Sales of existing single-family homes in the state remained high in January after a record year in 2020, with sales volumes and prices outpacing those of a year ago, the Maine Association of Realtors said Friday.
Sales statewide rose more than 18 percent compared to January 2020 and the median sales price was up more than 15 percent to $255,300. The price means that half of the homes sold for more and half for less.
Buyer demand is still strong, but one possible damper on this year is the historically low number of homes for sale, Aaron Bolster, president of the association, said.
“Buyers are facing far fewer available home choices and sellers are reluctant to list their properties without their next move-in property in place,” he said.
Rural Maine counties fared particularly well in sales and prices from November 2020 through January of 2021 compared to those three months the previous year. Five counties had more than a 50 percent increase in unit sales, with Piscataquis County leading, up 82 percent to 122 homes sold.
By median sales price, nine counties saw rises of more than 20 percent with Lincoln County leading, up 47 percent to $334,500.
Cumberland County saw a slightly more than 9 percent rise in unit sales to 1,016 over the three month comparison period, while Penobscot County saw a 19 percent rise to 461 units. The median sales price in Cumberland County was up almost 15 percent to $373,250, while that in Penobscot County rose a little more than 11 percent to $172,450.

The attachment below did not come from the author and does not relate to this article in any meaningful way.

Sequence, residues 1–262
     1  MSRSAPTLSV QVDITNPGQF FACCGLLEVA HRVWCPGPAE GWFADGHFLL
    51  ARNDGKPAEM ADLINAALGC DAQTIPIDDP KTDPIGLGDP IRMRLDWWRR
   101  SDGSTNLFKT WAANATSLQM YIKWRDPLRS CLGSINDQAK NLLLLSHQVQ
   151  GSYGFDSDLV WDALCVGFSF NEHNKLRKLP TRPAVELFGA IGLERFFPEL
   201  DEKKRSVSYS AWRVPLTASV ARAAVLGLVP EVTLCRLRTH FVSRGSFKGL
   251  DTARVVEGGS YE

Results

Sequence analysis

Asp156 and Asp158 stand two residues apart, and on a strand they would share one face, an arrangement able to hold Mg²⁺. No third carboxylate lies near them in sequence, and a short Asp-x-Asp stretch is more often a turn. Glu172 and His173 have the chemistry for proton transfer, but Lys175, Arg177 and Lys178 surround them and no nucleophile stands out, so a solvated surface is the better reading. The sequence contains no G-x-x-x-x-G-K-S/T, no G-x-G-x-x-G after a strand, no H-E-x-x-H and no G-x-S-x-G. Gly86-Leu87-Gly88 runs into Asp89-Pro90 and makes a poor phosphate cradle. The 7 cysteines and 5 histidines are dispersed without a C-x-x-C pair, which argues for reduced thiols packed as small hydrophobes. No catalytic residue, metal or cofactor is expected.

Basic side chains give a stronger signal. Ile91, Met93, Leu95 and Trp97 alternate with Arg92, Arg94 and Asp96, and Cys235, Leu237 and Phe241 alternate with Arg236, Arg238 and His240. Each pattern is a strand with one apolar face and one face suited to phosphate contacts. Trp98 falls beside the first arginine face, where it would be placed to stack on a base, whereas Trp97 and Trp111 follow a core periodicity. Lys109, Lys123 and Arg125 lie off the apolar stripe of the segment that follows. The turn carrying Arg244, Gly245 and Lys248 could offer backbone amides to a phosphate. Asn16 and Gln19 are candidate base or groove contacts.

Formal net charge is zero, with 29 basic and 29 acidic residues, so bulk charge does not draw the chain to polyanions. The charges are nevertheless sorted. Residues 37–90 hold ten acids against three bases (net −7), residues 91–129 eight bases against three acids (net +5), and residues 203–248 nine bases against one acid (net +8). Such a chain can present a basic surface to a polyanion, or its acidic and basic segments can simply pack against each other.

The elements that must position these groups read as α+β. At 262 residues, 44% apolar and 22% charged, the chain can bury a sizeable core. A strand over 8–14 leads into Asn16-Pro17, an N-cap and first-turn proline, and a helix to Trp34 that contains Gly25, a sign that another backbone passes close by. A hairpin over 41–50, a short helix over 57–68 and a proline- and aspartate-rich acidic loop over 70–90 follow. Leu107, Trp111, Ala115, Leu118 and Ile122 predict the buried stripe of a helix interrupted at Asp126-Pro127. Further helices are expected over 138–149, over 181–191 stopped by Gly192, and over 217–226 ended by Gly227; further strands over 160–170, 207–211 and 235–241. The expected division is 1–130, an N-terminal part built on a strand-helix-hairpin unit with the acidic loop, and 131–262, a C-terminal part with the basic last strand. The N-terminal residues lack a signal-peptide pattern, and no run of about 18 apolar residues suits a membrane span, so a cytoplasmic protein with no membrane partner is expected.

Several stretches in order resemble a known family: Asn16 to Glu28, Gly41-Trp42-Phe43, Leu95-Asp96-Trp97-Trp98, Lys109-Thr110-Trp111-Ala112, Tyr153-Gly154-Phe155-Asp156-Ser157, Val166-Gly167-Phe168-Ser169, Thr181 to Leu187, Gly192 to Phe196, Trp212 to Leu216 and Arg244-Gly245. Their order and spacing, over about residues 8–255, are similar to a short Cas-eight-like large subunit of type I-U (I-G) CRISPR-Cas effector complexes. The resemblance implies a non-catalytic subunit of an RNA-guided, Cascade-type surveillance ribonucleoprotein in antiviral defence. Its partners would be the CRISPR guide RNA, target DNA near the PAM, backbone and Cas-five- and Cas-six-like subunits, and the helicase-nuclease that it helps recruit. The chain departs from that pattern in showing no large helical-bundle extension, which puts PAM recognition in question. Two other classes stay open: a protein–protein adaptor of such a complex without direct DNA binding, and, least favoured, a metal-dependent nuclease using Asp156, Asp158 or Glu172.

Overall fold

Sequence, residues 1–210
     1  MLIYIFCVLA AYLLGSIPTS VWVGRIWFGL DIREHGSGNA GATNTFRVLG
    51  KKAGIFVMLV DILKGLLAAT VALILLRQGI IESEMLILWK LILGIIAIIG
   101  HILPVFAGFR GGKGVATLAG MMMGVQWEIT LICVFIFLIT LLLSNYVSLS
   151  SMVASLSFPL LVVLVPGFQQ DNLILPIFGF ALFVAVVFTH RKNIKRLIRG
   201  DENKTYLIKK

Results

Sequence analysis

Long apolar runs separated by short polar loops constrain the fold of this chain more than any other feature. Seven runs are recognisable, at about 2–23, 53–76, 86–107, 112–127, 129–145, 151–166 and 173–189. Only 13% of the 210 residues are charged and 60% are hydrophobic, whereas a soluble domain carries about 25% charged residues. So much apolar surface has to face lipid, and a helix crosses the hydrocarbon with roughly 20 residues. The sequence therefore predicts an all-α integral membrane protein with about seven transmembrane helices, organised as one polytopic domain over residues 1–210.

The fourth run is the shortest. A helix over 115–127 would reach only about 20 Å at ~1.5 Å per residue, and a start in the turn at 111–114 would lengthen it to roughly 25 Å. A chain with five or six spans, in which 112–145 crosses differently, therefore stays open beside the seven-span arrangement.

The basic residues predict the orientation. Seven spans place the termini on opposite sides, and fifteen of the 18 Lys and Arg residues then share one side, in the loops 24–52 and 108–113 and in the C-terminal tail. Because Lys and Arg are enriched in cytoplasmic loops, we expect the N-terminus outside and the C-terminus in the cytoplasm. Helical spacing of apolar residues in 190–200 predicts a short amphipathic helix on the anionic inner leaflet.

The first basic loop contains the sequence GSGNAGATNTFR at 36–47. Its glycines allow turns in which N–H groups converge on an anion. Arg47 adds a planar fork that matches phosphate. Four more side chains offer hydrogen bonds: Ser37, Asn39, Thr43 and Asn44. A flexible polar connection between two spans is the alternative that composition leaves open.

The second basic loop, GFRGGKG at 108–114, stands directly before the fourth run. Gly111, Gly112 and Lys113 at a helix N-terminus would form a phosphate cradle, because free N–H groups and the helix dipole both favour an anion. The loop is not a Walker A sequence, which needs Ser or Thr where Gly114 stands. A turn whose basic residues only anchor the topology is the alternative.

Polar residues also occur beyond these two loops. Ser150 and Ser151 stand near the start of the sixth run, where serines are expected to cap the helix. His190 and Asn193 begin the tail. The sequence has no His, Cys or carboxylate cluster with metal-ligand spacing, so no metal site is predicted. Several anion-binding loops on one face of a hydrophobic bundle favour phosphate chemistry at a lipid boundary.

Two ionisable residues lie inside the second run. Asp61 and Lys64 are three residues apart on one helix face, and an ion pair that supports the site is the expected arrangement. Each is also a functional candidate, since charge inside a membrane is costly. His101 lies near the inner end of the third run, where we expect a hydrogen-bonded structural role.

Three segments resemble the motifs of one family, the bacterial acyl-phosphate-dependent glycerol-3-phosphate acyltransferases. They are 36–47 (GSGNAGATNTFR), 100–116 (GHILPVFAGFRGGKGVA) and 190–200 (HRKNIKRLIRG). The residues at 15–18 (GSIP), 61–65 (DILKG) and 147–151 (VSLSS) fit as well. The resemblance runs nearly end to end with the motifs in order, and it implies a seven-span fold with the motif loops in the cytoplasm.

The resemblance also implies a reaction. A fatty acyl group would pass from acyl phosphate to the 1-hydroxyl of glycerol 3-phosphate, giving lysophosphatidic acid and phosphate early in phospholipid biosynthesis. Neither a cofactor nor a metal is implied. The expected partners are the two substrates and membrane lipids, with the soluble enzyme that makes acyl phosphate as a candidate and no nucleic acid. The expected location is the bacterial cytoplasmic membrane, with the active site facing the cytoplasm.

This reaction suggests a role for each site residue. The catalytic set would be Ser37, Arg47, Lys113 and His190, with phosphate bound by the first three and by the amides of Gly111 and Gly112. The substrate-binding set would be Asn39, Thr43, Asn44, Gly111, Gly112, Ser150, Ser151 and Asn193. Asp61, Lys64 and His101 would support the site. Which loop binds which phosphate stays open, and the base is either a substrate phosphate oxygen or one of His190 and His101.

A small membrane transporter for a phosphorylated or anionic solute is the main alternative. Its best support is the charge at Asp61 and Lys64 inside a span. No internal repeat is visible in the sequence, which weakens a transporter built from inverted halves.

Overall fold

The market strength in Maine reflects national sales. The National Association of Realtors also on Friday reported a 23 percent rise in sales of existing single-family homes in January and an almost 15 percent rise in the median sales price. Regionally, sales in the Northeast increased 24.3 percent and the median sales price was up 15.8 percent to $361,400.
Available homes for sale also were scarce nationally. Lawrence Yun, chief economist with the National Association of Realtors, said “buyers quickly snatched up virtually every new listing coming on the market” and sales could have been 20 percent higher if there had been more inventory and choices.